I was once told that my film taste and my personality do not combine, but instead: clash. I’m kind, good-humoured and loyal to my friends – yet I like being terrified to the extent that whilst sitting in a darkened room for around ninety-minutes, my soul is crushed and stamped upon repeatedly until there is nothing left but absolute despair. If this is the case, what’s the appeal? The majority of my friends do not like the horror genre, and if asked if they’re willing to watch The Texas Chainsaw Massacre, a look of horror (if you’ll excuse the unintended pun) appears across their face. It is understandable. Nobody likes being scared because it’s a negative emotion. But I like being scared in the safe realms of a cinema, where I know I cannot be touched. I think horror films are somewhat cathartic in that respect. But there must be more of a reason to explain why they appeal to me so much. Perhaps it’s the adrenaline rush, but if that was the case, I’d utterly adore thrillers. But, it’s not. I like being made to feel uneased, uncomfortable, terrified, depressed, and disturbed. People say that horror films are for sadists, quite the opposite: the horror experience is a masochistic one – and no, I’m not talking about kinky chains, unless of course if Hellraiser comes into the question. There’s a theory called pleasure through displeasure – a concept revolving around getting a subversive pleasure through feeling negative emotions. It is why we like rollercoasters, and horror films even more so.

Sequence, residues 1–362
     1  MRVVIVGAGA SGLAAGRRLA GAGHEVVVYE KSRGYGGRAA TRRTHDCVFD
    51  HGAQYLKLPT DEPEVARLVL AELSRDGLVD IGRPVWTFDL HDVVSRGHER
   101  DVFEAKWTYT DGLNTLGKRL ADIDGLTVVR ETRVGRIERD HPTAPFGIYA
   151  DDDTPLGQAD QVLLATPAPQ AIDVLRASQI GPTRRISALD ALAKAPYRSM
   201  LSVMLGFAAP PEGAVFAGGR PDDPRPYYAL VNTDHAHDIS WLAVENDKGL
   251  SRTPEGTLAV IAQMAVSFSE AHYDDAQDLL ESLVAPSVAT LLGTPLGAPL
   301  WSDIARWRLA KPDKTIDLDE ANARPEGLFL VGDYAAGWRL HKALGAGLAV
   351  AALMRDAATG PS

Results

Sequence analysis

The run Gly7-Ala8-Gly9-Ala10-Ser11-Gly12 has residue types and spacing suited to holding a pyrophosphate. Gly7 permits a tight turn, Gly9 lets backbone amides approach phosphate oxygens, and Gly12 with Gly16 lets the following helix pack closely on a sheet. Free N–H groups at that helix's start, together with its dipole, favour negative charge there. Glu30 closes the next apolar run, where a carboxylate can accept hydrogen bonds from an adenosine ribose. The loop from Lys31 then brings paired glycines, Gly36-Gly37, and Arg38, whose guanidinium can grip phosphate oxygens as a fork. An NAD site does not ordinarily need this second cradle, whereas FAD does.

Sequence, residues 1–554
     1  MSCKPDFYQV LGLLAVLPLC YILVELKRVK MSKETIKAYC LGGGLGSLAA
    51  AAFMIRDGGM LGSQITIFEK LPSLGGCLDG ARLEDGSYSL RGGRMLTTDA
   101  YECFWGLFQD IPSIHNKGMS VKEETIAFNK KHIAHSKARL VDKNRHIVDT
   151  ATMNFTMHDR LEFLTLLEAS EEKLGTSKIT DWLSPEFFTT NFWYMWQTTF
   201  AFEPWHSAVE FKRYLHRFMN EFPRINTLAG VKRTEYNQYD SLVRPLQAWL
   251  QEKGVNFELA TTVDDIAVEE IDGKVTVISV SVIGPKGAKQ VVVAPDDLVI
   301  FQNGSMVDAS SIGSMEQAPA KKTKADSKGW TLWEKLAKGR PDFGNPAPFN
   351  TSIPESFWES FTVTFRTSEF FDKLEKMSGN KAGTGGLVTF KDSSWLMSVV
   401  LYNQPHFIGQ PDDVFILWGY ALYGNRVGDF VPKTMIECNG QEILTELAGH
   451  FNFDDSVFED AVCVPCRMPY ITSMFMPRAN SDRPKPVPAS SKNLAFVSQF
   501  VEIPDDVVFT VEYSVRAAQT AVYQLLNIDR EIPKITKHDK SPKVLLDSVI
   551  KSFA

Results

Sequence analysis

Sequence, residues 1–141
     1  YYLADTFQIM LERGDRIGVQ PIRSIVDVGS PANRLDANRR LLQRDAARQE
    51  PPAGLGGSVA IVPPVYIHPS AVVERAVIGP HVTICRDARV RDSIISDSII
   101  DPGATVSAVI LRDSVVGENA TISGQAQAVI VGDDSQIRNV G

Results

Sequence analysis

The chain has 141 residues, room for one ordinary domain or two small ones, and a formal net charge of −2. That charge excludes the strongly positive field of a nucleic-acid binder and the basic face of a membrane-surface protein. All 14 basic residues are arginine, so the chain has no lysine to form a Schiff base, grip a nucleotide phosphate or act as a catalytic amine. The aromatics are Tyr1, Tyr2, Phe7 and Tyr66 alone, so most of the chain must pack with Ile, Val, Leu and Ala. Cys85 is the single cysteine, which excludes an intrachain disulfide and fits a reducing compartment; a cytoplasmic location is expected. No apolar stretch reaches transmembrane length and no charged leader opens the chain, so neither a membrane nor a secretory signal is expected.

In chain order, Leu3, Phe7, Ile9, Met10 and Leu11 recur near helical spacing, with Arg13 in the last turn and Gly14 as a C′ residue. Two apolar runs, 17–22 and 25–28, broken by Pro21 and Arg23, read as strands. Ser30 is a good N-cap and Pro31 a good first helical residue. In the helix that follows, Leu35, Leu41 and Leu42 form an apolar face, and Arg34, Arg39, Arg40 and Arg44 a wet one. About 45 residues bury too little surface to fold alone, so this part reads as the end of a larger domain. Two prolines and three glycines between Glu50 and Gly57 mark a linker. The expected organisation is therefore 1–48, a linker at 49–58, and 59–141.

I think to really pin down my obsession with this genre; I have to start off with my experiences. The first real horror film – and by ‘real’, I mean one that genuinely terrified me, was John Carpenter’s Halloween. There is something so unnerving about that music, the constant ticking of the piano like the ticking of the death-clock for each character. For the first time, I felt the sheer sense of ‘edge-of-your-seat’ suspense, and to say that I yelped like a pre-pubescent school-girl would be an understatement. I also watched it with the lights on because my dad cannot abide watching telly in the dark. Yet, even with the lights still on, the sheer terrifying power came across. The pacing of the film is perfect and the way John Carpenter constructs shots is sheer genius. He uses foregrounds, mid-grounds and backgrounds effortlessly – you are constantly searching for shadows, and where Michael Myers will pop up next, yet it is impossible to guess. You’ll look for him in the background and he’ll be in the foreground. I remember going to bed that night. I had to walk up the stairs to get there, and the stairs in my house don’t have a lightbulb, so I had to walk up the darkness to get there – and yes, I feared that around the corner was a man in a mask carrying a butcher’s knife, getting ready to stab me to my impending doom. As soon as I went into my bedroom, I turned on the lights – of course, nobody was actually there, but if this was just one great horror film, what on earth would the other ‘greats’ do to my emotions, I thought. I was hooked on horror ever since.